Big Horn Medicine Wheel
Big Horn Medicine Wheel
|Crow Sundance Lodge||The Wagon Wheel|
It was the summer of 1974 and I was conducting my first ethnographic field work. As mentioned earlier, I was a graduate student at the time, invited by the Apsáalooke to assist with helping “inform and educate” the professional-trained but inexperienced non-Indian doctors who served in the Indian Health Service. The IHS physicians were having a difficult time communicating with their tribal patients, especially the elders and the more traditional members. Working with the elders, I helped put together an extended essay on how tribal members understood and approached illness and healing, all from their perspectives, an essay the doctors would use to better understand and hopefully communicate with their patients.
And in the course of this project I was introduced to one of the most amazing ways of looking at and experiencing the world, indeed creating the world. This world view, this behavior was repeatedly reflected in an uncanny ability of individuals to simultaneously travel distinct ways of life, as for example, of being a sincere Sundancer, devout Christian, a competent Indian Health Service nurse, and doing so with such ease.
This ambidextrous ability was wonderfully exemplified in the lives of Tom and Susie Yellowtail. Tom was an akbaalía, a traditional healer, and the Sundance Chief for his people; and he was a devout Baptist. Susie danced alongside her husband in the Big Lodge and practiced Western biomedicine, in fact, was the first American Indian registered nurse in this country. On various occasions Susie was appointed to Presidential Councils, and traveled widely throughout the United States representing Indian peoples. While in the Sundance Lodge, Tom danced with the whistle and prayed to Akbaatatdía, “the Maker of All Things First”; while in the “Little Brown” Baptist Church he read from the Good Book and prayed to Jesus Christ. While in the Sundance Lodge, Susie applied Indian medicine; while in the Indian Health Service Hospital she prescribed Western biomedicine. But the Bible and the stethoscope were never brought into the Sundance, or the Eagle-bone whistle never into the Church. And while the Eagle feathers of an akbaalía (literally, “one who doctors”) might be fanned over a patient in the hospital, the prayers and songs of the akbaalía are offered only in the privacy of the patient’s room, distinct from the care provided by the physician and nurse.
Each way of prayer and of healing, each way of behaving has its own path, distinct from the other, each with its own integrity. Yet all paths could be traveled, freely jumping between and on each of them, all leading to the same source. This powerful notion was appropriately symbolized when in October of 1993 in Chicago Tom, in Eagle-feather headdress and full regalia, shared the podium with some of the world’s foremost religious leaders, including the Dalai Lama, and offered words of prayer at the 100th anniversary of the Council for a Parliament of the World’s Religions. Tom’s Apsáalooke prayer for world peace was so easily heard, mingling and merging with the over 8,000 other spokespeople from the world’s different religions – Christian, Muslim and Jew, Hindu, Buddhist and Taoist, and American Indian.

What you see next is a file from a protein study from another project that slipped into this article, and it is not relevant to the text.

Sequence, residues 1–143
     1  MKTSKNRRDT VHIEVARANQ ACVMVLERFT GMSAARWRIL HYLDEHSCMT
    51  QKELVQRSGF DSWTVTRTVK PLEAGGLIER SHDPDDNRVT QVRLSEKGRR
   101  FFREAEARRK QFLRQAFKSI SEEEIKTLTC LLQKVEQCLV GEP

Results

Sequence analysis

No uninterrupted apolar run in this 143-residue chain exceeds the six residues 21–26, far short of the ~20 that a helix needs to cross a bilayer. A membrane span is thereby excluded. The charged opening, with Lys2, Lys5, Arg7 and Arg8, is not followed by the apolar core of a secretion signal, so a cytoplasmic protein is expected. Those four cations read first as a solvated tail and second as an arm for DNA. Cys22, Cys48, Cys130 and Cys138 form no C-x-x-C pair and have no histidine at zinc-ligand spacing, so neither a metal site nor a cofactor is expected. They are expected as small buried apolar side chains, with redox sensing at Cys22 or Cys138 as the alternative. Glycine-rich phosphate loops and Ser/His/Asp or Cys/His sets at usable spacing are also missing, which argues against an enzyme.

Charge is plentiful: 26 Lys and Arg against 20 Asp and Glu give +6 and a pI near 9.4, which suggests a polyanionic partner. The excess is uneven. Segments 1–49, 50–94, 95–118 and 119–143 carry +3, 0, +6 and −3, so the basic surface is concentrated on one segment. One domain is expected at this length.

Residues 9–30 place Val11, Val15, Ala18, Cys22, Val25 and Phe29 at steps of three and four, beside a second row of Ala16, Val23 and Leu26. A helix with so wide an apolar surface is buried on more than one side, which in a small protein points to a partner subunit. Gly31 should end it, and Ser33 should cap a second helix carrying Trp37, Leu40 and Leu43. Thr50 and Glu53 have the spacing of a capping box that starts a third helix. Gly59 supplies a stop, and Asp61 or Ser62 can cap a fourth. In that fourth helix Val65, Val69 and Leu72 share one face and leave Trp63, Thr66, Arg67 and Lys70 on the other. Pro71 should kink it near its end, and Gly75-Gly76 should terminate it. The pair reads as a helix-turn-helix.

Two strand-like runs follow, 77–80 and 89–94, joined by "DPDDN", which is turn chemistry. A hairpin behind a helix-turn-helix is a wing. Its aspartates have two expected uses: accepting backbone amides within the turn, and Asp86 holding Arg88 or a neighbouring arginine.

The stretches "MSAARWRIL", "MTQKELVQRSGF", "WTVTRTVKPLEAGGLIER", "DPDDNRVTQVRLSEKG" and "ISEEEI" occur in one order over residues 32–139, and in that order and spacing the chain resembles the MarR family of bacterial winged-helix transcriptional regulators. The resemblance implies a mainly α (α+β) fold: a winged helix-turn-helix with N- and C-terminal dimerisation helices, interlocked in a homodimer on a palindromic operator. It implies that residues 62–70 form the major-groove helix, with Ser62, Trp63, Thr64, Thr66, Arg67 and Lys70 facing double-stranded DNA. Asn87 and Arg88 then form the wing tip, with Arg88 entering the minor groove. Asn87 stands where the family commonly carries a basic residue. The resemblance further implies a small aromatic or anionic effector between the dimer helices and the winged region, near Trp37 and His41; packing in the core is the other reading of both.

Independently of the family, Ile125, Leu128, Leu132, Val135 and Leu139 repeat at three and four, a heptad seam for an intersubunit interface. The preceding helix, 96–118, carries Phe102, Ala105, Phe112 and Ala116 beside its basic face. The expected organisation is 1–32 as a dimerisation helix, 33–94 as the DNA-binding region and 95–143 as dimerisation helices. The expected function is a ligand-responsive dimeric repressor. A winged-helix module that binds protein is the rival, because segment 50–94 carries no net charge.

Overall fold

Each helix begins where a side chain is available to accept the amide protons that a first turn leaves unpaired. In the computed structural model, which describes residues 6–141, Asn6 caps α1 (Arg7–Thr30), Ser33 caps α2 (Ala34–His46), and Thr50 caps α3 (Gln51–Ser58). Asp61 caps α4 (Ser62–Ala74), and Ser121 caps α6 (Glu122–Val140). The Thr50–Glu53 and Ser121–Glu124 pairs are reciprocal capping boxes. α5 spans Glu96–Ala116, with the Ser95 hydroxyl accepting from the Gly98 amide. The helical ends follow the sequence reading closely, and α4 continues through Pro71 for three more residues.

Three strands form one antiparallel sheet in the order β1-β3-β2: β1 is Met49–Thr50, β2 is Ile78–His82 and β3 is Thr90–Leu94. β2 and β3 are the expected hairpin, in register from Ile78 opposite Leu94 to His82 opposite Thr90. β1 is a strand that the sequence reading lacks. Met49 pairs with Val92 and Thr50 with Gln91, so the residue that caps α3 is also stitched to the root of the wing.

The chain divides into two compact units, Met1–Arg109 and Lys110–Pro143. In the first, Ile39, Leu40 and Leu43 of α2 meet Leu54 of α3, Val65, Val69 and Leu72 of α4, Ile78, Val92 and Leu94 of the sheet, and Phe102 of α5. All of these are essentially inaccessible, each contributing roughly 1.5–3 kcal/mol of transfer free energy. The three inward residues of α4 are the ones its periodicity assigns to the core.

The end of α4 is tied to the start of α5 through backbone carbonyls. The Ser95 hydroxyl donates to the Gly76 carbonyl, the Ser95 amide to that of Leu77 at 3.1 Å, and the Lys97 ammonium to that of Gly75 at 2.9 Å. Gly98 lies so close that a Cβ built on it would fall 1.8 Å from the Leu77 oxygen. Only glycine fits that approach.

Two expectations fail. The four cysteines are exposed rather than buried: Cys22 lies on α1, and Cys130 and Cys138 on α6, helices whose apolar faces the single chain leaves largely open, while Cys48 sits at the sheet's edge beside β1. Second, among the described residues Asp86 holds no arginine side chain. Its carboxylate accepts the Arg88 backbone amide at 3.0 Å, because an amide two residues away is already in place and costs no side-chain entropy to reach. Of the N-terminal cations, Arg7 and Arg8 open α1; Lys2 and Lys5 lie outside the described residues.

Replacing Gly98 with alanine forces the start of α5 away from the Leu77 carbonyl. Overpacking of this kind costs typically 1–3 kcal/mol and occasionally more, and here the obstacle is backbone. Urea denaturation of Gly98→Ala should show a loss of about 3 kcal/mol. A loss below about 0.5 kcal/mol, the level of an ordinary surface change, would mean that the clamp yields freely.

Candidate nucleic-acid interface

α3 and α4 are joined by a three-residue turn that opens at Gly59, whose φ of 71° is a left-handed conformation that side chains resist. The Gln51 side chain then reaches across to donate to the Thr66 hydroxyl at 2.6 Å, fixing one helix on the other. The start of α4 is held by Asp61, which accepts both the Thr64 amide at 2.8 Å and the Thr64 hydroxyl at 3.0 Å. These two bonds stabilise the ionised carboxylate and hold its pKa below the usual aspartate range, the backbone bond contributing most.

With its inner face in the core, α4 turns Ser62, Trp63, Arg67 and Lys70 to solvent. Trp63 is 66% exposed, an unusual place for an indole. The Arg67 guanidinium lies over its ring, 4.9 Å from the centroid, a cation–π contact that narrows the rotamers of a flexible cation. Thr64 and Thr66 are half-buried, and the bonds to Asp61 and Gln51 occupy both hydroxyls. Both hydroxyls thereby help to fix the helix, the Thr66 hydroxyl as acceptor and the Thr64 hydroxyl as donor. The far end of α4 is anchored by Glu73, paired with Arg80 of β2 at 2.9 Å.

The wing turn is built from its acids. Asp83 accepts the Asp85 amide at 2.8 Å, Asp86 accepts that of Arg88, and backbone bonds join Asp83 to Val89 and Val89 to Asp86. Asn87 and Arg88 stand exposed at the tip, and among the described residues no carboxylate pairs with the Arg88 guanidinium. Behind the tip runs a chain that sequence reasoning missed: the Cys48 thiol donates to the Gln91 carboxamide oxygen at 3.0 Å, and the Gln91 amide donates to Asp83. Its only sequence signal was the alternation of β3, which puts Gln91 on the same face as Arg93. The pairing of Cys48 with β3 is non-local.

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He stands there, in Eagle-feather headdress and beaded buckskin regalia, with an Eagle-feather fan in hand, sharing the podium with some of the world’s foremost religious leaders, including the Dalai Lama. First speaking in his Apsáalooke language and then in English, he offers words of prayer for world peace and compassion for all. He is an akbaalía, “one who doctors others,” a medicine man, a Sundance Chief, and his words are readily received by the over 8,000 in attendance – Christian, Muslim and Jew, Hindu, Buddhist and Taoist alike. Like many others from his own community in Montana, he demonstrates an uncanny ability to speak and travel multiple and distinct paths simultaneously, for him the ways of both the Sundance and of Christianity. While in the Sundance Lodge, he dances with Eagle-plumes, blows the Eagle-bone whistle and prays to Akbaatatdía, “the Maker of All Things First.” While in the “Little Brown” Baptist Church he reads from the Good Book, partakes of the Lord’s Supper and prays to Jesus Christ. He is able, with competence, to effectively communicate and participate with others, indeed nurture and support others, from diverse communities, so distinct and seemingly mutually exclusive.